A complicating problem, also called a secondary problem, is a problem that comes as a result of not handling the primary problem correctly in the first place. Jay Adams gives an example of complicating problems in his book Competent to Counsel, when he discusses how sin, not dealt with Biblically, spirals downward, out of control. He said, “Sinful habits are hard to break, but if they are not broken they will bind the client ever more tightly. He is held fast by these ropes of his own sin. He finds that sin spirals in a downward cycle, pulling him along. He is captured and tied up by sin’s ever-tightening cords. At length, he becomes sin’s slave” (p. 145). He goes on to use the event of Cain and Able in Genesis four as an example of this. Cain’s sacrifice was not accepted by God (4:5). Then Cain sat, seething and becoming more and more angry. God went to him and warned him not only about where he was headed, but also gave him a way out (4:7). Instead, Cain killed his brother Able and compounded his sin (4:8). Later, Cain added lying to the pile of sins (4:9), and he was forced to become a wanderer and a vagabond (4:12, 14).
Sometimes complicating problems are simpler to deal with than the deeper, heart problems. This is because the secondary problem is not often as important to the counselee as is the core problem. Sometimes the secondary problem is outside the counselee, but the core problem is part of him. To heal a light wound is easier than healing a deep wound. It is less intrusive for the counselee and may be used as a lead up to the deeper problems. On the other hand, because complicating problems are often simply symptoms of deeper problems, taking away the symptoms can give the counselee the impression that the root problem has been dealt with and she does not see the need to go deeper. For example, if the counselee presents a headache and you recommend aspirin, which temporarily relieves the pain, she may not go to a specialist to discover the tumor on her brain.
A counselor may also use secondary problems to more easily show a counselee where she has gone off the rails in handling sin by showing her, event by event, how and where she went wrong. Then, when the counselee understands that she has not viewed the situation accurately in the smaller events of her life, the counselor may have a relatively easy time revealing to her that it hasn’t just been the secondary issues that have gone south, but these are merely symptoms of a greater problem. Those smaller problems exist because deeper issues were never dealt with in a godly way.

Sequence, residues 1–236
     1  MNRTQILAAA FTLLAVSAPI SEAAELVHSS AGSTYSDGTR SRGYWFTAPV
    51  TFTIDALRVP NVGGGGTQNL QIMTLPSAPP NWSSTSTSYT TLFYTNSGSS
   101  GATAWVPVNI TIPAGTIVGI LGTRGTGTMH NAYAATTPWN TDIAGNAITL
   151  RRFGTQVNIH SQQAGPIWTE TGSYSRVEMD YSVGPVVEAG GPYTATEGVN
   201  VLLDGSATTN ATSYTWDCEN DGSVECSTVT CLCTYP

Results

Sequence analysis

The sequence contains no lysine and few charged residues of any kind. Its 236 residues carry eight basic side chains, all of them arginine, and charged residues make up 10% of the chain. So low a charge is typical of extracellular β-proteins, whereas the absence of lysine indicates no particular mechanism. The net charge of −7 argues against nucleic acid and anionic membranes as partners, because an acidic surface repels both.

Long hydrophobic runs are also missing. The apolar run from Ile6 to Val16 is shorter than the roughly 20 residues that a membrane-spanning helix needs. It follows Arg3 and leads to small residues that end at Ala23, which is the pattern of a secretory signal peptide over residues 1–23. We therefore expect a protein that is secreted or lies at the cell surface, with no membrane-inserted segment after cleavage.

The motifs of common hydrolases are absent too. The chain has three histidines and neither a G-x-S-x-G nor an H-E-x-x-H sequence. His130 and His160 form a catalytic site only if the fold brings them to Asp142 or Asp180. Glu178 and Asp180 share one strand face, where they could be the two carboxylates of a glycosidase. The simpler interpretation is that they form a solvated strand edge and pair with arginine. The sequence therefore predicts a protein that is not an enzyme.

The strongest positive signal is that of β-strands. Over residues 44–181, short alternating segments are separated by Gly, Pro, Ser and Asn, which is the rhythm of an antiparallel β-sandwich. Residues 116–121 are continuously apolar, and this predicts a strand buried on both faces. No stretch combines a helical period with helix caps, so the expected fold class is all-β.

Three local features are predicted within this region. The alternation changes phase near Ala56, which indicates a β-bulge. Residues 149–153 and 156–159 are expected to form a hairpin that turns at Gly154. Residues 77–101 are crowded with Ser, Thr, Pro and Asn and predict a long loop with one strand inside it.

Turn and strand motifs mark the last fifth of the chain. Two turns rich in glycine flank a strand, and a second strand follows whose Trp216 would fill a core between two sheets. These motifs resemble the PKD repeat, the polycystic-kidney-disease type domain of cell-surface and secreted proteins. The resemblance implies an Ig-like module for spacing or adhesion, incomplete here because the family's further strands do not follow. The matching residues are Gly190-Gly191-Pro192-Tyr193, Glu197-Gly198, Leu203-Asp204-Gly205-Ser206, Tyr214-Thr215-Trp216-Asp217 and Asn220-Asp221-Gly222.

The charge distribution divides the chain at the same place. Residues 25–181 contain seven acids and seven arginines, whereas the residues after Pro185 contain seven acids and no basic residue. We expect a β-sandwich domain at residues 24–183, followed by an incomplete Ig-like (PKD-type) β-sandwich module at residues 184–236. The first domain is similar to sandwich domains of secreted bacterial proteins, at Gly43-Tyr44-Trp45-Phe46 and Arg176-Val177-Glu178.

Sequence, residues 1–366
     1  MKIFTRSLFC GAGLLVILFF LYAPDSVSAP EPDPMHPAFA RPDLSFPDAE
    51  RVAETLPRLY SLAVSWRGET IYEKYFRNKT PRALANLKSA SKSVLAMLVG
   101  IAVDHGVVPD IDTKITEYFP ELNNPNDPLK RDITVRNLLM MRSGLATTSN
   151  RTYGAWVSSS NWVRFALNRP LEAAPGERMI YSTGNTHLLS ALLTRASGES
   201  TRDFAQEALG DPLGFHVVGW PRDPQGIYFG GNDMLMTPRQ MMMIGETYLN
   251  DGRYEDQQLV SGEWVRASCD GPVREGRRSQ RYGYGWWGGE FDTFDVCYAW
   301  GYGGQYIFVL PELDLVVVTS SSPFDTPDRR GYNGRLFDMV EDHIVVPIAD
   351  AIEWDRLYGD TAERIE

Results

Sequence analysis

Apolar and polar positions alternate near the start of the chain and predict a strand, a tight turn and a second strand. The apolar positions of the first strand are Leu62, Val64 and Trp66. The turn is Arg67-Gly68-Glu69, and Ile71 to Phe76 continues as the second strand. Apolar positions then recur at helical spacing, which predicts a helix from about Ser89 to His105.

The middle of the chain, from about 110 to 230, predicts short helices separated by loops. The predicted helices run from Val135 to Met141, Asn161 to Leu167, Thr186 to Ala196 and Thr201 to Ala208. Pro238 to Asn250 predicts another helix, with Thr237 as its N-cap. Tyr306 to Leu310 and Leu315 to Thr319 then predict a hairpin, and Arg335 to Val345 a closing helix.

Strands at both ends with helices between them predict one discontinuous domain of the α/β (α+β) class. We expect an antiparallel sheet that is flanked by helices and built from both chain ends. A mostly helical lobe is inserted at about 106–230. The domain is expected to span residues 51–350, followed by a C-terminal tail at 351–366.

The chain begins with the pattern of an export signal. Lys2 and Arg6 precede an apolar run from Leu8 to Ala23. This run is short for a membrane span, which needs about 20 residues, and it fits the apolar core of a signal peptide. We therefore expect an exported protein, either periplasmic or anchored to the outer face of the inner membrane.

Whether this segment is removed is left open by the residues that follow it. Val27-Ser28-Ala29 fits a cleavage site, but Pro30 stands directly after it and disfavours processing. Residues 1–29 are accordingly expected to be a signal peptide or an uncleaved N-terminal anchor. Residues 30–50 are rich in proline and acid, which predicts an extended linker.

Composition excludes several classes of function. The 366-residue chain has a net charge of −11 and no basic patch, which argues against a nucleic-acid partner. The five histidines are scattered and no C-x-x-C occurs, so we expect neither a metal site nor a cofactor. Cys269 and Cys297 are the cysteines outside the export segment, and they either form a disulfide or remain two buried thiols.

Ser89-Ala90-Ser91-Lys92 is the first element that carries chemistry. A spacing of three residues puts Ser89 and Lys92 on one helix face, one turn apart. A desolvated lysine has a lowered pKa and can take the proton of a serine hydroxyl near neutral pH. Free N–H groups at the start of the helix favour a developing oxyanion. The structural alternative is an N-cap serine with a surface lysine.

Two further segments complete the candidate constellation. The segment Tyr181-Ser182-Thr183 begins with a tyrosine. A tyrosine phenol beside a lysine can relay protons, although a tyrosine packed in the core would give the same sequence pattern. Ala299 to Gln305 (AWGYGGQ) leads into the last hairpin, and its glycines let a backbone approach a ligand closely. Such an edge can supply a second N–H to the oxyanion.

An illustration of this would be our friend Elizabeth who came for counseling to help her with her finances. As we got to know her better and began discussing her life we realized that she had financial troubles because she could not keep a job for more than a few weeks. We then came to believe that the reason she could not hold down a job was because she always thought she knew better how to run a business than her managers and employers did. She also felt free to share her ideas and thoughts with them. And she became very emotional when her managers did not agree with her or when they did not change their procedures to fit her opinions. She eventually made such a ruckus they were forced to fire her. Her report on these events was that she was being persecuted because she was a Christian.
All the other things, including Elizabeth’s presenting problem, that she did not have enough money to live, were complicating problems. They kept her from seeing and understanding who she was in Christ and how she should be thinking and acting toward others in God’s world. Her root, heart, and preconditioning problem was that she had an inaccurate view of herself in the world God had placed her. She did not believe that God was God and she was not. Finally, she refused to take responsibility for her actions.